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Catching On To Keratoconus

The name ‘Keratoconus,’ probably because of its Greek derivatives, can be quite intimidating for patients, causing them to expect some rare and painful disease. The condition, however, is neither of these. Put simply, Keratoconus is an irregular shaped cornea, where ‘Kerato’ means cornea and ‘Conus’ means cone. If monitored and managed correctly, Keratoconus is a treatable condition.

The emphasis here is on monitoring. Because Keratoconus is a progressive disease of the cornea, it happens slowly, often from a young age and it therefore will have the best prognosis if the progression is monitored and stopped. It is also a hereditary disease, so it is crucial to take the whole family for a test if someone in it is diagnosed with Keratoconus, so that everyone’s progression can be dealt with immediately.

What happens to the eye with Keratoconus?

With Keratoconus, the cornea becomes thin and bulges outward, causing it to be irregular. This irregularity causes an inability to see clearly out of glasses and contact lenses. This mostly happens when you have a high amount of astigmatism (when the eyeball is not completely spherical) in the eye. The best analogy is to think of a normal eye as a half soccer ball, but an eye with Keratoconus will look more like half of an irregular rugby ball.

Diagnosing Keratoconus

There are some facts that may lead us to suspect that you may have keratoconus, which include family history, frequent need to rub the eye, allergies (hay fever, asthma or eczema) and astigmatism that constantly progresses, amongst others.

In order to confirm the diagnosis your eye doctor will look for signs in their slitlamp or microscope. The room in the image below is our Slitlamp examination room. This is where we use a high magnification microscope in order to view the anterior structures of the eye, in order to diagnose keratoconus, cataracts and various other pathologies. The same microscope will be used to evaluate the fit of a contact lens.

In the next step, your eye doctor will use a Pentacam to measure the topography of the eye. This is how we measure the thickness and regularity of the cornea. The Pentacam is a machine which is used to diagnose and monitor the progression of keratoconus. It can also give us information on whether or not you are a suitable candidate for laser refractive surgery.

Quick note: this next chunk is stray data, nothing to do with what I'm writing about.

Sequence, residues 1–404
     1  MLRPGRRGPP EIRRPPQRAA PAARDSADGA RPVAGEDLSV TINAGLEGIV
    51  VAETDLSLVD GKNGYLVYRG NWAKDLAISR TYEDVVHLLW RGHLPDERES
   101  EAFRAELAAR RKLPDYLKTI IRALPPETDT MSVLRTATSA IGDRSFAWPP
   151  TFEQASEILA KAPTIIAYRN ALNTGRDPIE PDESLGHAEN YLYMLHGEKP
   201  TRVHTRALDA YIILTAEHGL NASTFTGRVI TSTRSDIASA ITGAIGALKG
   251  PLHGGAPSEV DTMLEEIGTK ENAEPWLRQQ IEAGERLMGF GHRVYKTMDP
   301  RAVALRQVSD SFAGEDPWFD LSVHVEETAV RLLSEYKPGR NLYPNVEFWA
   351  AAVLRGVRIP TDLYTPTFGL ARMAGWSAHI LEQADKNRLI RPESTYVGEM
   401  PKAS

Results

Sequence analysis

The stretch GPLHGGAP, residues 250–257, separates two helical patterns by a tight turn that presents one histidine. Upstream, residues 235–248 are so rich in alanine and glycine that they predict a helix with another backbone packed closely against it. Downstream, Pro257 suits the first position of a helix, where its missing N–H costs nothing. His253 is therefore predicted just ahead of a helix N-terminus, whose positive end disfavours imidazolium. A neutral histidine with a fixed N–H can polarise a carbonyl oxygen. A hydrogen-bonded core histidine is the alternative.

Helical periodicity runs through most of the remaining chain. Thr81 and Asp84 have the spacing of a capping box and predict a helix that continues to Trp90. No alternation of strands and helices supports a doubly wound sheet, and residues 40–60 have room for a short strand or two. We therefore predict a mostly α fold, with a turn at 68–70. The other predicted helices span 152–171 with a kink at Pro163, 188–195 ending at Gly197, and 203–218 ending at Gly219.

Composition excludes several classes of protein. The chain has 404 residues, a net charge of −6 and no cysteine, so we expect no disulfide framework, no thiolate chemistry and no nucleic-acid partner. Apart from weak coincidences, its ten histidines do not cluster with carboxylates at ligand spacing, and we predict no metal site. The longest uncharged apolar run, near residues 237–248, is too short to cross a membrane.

Once Keratoconus is diagnosed, there are some necessary precautions which need to be made. Keratoconus is easier to be managed when found early. This is why it is essential to test the whole family if someone in the family is diagnosed with it. From diagnosis you will need an eye specialist to follow the progression, especially if diagnosed at a young age.

Corneal Cross linking

One of the treatments used to stop the progression of Keratoconus (in patients younger than age 40) is Corneal Cross Linking. When you are young your tissue is more pliable. This pliability is what allows Keratoconus to gradually gets worse, by letting the shape of the eye continue to progress into a cone. Thus, the goal of corneal-cross linking is to stop the progression. During Cross Linking your ophthalmologist will soak the eye in Vitamin B and tan the cornea by exposing it to UV light. This will stiffen the cornea and prevent progression of the disease. It is important to note that this treatment is not to make your Keratoconus better. It will not “cure” the condition or correct your vision, but instead the treatment is to stop the progression. The patient will then wear a bandage contact lens and can expect some scratching for a period of time.

Correcting your vision

The best way to correct your vision is by neutralising the shape of the eye using a hard or scleral contact lens. A hard lens moulds the cornea, whereas a scleral contact lens is a large lens which is used, and the gaps between the contact lens and the eye are filled with saline solution.

We have a series of explainer videos on our website for further queries:


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